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Effect of heterogeneity of nest boxes on occurrence of gregarious nesting in laying hens

By Tina Clausen, Anja Brinch Riber

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Abstract

Gregarious nesting, where hens select already occupied nest boxes even when other nest boxes are unoccupied, is an unwanted behaviour in laying hens that may reduce animal welfare and pose a financial cost to the producer. It has been suggested that gregarious nesting is caused by the difficulties experienced by hens in distinguishing between nest boxes in long rows of identical boxes. Heterogeneity of nest boxes has therefore been suggested as a method to reduce gregarious nesting. To test this hypothesis two experiments were performed. Twelve groups of 13–15 ISA Warren hens 27 weeks of age were housed in pens with three adjacent nest boxes. In the first experiment six experimental groups were provided with three different appearing nest boxes (yellow walls, plastic flaps, standard) containing wood-shavings, and in the second experiment six experimental groups were provided with three different nesting materials (straw, peat, wood-shavings). In both experiments six control groups were provided with three identical nest boxes containing wood-shavings. Daily egg collection and video recordings were performed during both experiments (eight and seven days, respectively). The proportion of gregarious nesting was higher in experimental groups compared to control groups (P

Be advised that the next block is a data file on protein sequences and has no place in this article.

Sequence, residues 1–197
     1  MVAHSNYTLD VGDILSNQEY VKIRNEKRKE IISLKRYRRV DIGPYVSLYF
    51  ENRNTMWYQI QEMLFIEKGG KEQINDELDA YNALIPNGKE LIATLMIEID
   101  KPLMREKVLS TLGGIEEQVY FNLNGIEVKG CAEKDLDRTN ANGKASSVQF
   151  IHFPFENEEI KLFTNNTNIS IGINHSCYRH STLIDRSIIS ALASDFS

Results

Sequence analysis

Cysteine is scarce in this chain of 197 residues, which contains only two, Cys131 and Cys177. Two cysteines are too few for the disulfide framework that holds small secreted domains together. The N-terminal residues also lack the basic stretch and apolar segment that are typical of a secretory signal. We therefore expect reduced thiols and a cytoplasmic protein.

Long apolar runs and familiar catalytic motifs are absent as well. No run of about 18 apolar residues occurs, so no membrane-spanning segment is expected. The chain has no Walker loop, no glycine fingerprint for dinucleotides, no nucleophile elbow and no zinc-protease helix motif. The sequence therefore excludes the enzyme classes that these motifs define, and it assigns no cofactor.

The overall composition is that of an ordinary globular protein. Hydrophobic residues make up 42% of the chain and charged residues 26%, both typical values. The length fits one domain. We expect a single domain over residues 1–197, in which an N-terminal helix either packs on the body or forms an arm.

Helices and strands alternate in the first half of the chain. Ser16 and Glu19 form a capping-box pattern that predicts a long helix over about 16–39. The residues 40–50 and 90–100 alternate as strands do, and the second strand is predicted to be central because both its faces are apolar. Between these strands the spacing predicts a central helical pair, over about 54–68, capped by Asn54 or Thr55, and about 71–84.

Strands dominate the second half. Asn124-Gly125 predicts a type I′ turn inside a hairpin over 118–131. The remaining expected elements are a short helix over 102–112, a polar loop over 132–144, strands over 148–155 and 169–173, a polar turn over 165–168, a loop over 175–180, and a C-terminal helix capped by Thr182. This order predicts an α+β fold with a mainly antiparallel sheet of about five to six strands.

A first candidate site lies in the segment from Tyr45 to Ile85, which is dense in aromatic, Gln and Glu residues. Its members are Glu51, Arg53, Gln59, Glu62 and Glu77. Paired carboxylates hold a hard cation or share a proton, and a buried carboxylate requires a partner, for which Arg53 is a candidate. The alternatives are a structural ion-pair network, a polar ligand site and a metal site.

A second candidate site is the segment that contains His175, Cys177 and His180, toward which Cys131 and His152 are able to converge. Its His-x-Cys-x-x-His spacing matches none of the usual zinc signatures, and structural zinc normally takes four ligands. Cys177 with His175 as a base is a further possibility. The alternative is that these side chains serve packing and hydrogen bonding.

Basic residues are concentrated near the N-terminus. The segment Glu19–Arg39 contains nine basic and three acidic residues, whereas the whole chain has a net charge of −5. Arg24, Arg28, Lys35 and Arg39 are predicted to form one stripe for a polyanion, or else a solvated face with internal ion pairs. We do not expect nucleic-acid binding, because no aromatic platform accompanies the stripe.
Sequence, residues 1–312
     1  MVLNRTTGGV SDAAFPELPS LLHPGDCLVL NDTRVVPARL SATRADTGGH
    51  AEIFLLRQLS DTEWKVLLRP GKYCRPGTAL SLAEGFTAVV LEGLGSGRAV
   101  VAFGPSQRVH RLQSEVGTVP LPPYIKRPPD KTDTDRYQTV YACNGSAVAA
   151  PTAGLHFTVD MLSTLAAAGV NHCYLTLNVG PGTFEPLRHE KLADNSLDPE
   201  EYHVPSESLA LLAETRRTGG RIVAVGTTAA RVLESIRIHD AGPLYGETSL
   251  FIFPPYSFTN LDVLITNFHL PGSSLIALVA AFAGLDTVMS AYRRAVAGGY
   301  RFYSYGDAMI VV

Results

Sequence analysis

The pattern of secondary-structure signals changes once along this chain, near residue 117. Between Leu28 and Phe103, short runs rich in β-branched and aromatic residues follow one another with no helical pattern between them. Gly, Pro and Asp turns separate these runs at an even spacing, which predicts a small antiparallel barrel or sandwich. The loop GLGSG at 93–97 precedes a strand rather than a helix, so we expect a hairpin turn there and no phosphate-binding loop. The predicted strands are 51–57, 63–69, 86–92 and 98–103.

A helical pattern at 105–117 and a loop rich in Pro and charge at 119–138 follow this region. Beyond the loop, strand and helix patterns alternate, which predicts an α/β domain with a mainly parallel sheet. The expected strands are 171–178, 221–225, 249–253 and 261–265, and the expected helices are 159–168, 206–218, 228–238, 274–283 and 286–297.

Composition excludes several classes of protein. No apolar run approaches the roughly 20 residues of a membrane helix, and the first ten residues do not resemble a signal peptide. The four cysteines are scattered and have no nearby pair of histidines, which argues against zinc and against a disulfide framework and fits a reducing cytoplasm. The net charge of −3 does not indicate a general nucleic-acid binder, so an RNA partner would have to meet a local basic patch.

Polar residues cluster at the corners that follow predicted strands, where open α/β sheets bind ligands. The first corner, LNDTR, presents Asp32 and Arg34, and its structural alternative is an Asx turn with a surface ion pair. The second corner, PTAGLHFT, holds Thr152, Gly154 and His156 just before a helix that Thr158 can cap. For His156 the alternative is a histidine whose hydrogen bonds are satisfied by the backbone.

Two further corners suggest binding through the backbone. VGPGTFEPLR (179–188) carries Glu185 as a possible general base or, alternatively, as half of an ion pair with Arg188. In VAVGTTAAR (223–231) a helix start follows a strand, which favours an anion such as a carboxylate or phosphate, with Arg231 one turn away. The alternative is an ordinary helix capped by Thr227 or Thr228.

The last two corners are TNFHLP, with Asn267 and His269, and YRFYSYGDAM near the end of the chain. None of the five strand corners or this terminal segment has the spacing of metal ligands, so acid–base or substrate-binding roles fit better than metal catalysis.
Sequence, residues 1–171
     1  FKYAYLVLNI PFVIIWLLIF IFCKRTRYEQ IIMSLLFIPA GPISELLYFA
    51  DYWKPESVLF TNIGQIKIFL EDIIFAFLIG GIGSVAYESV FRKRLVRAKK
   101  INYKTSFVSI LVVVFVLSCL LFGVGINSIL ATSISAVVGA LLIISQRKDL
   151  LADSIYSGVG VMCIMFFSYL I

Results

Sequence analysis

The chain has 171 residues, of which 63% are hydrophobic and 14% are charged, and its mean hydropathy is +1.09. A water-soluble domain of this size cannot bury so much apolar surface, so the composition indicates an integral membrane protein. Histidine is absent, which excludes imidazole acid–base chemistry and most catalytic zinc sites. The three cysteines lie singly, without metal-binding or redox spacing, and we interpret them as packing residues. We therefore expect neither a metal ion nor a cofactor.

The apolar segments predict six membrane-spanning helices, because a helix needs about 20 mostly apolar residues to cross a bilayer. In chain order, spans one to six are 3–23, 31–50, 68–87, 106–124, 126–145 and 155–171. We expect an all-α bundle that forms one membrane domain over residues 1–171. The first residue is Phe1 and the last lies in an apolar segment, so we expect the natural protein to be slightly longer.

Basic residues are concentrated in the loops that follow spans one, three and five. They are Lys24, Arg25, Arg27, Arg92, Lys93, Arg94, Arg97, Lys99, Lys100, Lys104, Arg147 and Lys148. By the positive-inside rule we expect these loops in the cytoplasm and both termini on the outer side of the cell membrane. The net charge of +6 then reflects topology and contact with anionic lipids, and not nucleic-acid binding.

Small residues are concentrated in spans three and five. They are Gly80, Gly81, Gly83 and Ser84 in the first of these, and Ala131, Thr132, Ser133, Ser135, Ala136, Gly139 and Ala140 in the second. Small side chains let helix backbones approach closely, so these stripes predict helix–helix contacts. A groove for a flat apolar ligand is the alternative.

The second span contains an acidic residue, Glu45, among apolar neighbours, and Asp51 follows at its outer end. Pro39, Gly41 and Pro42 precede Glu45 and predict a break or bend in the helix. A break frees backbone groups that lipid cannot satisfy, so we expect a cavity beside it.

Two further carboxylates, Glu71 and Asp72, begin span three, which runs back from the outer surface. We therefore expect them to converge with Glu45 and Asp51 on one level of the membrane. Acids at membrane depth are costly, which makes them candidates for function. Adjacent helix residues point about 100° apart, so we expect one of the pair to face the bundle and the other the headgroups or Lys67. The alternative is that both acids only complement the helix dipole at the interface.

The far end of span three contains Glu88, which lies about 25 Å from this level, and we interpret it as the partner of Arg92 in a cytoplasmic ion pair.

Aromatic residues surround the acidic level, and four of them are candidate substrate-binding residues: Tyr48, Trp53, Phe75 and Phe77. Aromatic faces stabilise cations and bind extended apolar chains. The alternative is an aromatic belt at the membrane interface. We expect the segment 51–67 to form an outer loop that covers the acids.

Publication Title Applied Animal Behaviour Science
Volume 142
Issue 3
Pages 168-175
ISBN/ISSN 0168-1591
DOI 10.1016/j.applanim.2012.10.005
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Tags
  1. nesting
  2. preferences